FREEPORT — The threat of a lawsuit has prompted the Town Council to move toward enacting an ordinance to codify the town’s emergency dispatch consolidation agreement with Brunswick.
Councilors on Tuesday night also put several Town Charter amendments on the Nov. 2 ballot. They include two that are the result of a complaint filed with the Maine Human Rights Commission by Marianne McGettigan, a resident with multiple sclerosis who said she was not offered accommodations when she was unable to travel to Town Hall to sign a petition to overrule the dispatch agreement.
In addition, councilors were told an agreement has been reached between the town and the Seacoast United Maine soccer club for field construction at Pownal Field.
Town Manager Dale Olmstead said there will be a public hearing Tuesday, Oct. 12, to discuss the dispatch ordinance and the field deal.
The council voted April 6 to consolidate dispatch services with Brunswick’s communication center. The petition to overturn the decision failed, but another petition was circulated to keep emergency dispatch service in town.
Although the second petition gathered enough signatures to send the question to a referendum, town officials deemed it invalid because a petitioners’ committee was not created and no affidavit was filed with the town clerk. There was also no sworn statement that the petition could be circulated by five designated residents, and petition blanks were not prepared and issued by the clerk’s office.
Now, according to McGettigan, a third petition as been filed with the town that would prohibit Freeport from contracting with another entity for dispatch and require dispatch, fire, emergency transport to be based in town 24 hours a day, seven days a week.
McGettigan, who served as a special assistant to President George H. W. Bush to help pass the Americans with Disabilities Act in 1989, said the current petition was filed using town standards.
In addition, McGettigan said while she has not sued the town, a lawsuit could be filed this week. She said she gave the town a copy of the unfiled complaint a week ago as a courtesy.
She said she has concerns about the council creating an ordinance to retroactively excuse any procedural errors made in the contract with Brunswick. She also said there is also no specific line item in the 2010 or 2011 budget that shows where the money is coming from to pay Brunswick.
“They are trying to ratify a multi-year contract by taking a new vote,” she said. “I expected (the council) to realize how much they did not comply with the charter, but we will let a court decide if they can do it that way.”
The agreement between Freeport and Brunswick to consolidate emergency dispatch services was signed on June 29, and the decision was approved by a Town Council order.
The intent of the proposed new ordinance is to ratify the agreement and rectify any procedural errors made by the town.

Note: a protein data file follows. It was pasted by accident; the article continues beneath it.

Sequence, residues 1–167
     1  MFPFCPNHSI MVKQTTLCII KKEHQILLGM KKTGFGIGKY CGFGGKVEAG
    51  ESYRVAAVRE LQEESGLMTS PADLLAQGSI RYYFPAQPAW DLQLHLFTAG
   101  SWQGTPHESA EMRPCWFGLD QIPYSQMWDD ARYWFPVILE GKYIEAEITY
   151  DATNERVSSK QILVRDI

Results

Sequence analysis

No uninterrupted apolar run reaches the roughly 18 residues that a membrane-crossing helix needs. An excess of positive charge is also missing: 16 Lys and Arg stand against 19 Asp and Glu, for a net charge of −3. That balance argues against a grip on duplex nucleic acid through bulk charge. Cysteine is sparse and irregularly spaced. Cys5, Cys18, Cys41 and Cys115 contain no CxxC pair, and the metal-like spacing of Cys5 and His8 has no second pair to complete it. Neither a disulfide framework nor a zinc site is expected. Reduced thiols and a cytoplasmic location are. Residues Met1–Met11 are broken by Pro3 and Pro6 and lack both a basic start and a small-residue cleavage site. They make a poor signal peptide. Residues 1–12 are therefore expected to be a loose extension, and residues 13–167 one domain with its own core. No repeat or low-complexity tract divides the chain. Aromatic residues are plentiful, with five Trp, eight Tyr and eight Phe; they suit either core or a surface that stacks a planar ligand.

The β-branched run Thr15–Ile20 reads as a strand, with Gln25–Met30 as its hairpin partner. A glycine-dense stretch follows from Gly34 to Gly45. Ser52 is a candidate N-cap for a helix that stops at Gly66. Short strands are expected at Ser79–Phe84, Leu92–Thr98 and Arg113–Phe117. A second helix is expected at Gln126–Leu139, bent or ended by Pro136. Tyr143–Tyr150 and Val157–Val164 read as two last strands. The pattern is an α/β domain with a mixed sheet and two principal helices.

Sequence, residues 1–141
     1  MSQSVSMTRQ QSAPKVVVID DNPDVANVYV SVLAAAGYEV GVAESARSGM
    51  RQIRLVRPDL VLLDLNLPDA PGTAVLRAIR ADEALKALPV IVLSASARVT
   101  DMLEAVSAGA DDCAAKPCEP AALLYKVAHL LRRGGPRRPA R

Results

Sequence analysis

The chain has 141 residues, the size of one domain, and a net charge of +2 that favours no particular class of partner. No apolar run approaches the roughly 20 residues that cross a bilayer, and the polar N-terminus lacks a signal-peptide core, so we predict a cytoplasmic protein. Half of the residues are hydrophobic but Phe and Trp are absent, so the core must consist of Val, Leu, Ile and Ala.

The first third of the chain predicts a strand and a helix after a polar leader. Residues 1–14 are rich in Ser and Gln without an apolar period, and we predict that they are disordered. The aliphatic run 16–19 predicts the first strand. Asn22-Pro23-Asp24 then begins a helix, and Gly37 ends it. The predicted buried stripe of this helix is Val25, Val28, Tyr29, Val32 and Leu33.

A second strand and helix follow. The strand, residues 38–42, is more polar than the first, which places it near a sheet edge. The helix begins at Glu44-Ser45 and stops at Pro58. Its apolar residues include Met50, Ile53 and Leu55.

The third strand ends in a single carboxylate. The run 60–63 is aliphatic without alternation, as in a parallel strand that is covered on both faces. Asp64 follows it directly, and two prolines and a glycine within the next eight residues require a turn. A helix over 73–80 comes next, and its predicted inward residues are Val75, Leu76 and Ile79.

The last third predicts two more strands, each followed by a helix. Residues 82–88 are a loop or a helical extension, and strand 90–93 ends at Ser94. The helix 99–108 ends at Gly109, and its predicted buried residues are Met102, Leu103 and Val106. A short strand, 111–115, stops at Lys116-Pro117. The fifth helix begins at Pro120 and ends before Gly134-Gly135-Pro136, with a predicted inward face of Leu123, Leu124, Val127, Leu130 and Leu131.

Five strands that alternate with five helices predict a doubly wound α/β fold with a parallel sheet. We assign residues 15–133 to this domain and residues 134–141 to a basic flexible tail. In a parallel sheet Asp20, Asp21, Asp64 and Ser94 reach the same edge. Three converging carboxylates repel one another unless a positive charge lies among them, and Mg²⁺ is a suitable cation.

Councilors voted 4-1 Tuesday to send the ordinance to a public hearing, after discussing it in executive session with the town attorney. Olmstead said the draft lawsuit raises “procedural issues.”
Councilor Eric Pandora cast the dissenting vote and Councilors Rich DeGrandpre and Joe Migliaccio were absent.
Residents will vote on five questions in November relating to the Town Charter.
Under the existing charter, a petition to overturn a council decision has to be signed in the presence of the town clerk or deputy clerk at the clerk’s office. Some residents said this requirement prevents housebound residents from participating.
One of the five charter amendments residents includes language that would provide accommodations to qualified persons with a disability when petitions are circulated to enact an ordinance, overrule council actions or recall members of the council.
Another amendment change would remove references to the School Committee as part of the town, since the committee was dissolved with the creation of Regional School Unit 5.
Other questions would give the council flexibility in establishing the town manager’s term of office; clarify the authority of Town Council leadership; define the meaning of ordinance, order and resolve; give the council more flexibility as to when town budgets are adopted, and increase the amount of money the council can approve for capital improvements when using bonds or notes from $75,000 to $100,000.
The council will also hold a public hearing on Oct. 12 on an agreement between Seacoast United Maine and the town regarding the use of Pownal Field.
Olmstead told the council that after months of negotiations, an agreement has been reached for RSU 5 and town athletic clubs to use the proposed fields and indoor soccer arena.
After permits are approved, Seacoast would build two outdoor fields, an indoor arena and an additional, town-owned Little League field. The agreement will allow the schools and town athletic clubs use of the fields for the next seven years. The arrangement is valued at $237,000.
“The Pownal Field Committee is pleased with the outcome, and has worked hard to create these arrangements,” Olmstead said.
After the seven-year agreement expires, he said, Freeport and RSU 5 will be able to buy field use at 80 percent of the published rate from Seacoast United. The money could come from future tax revenue put aside for athletic purposes.
Amy Anderson can be reached at 781-3661 ext. 110 or email@example.com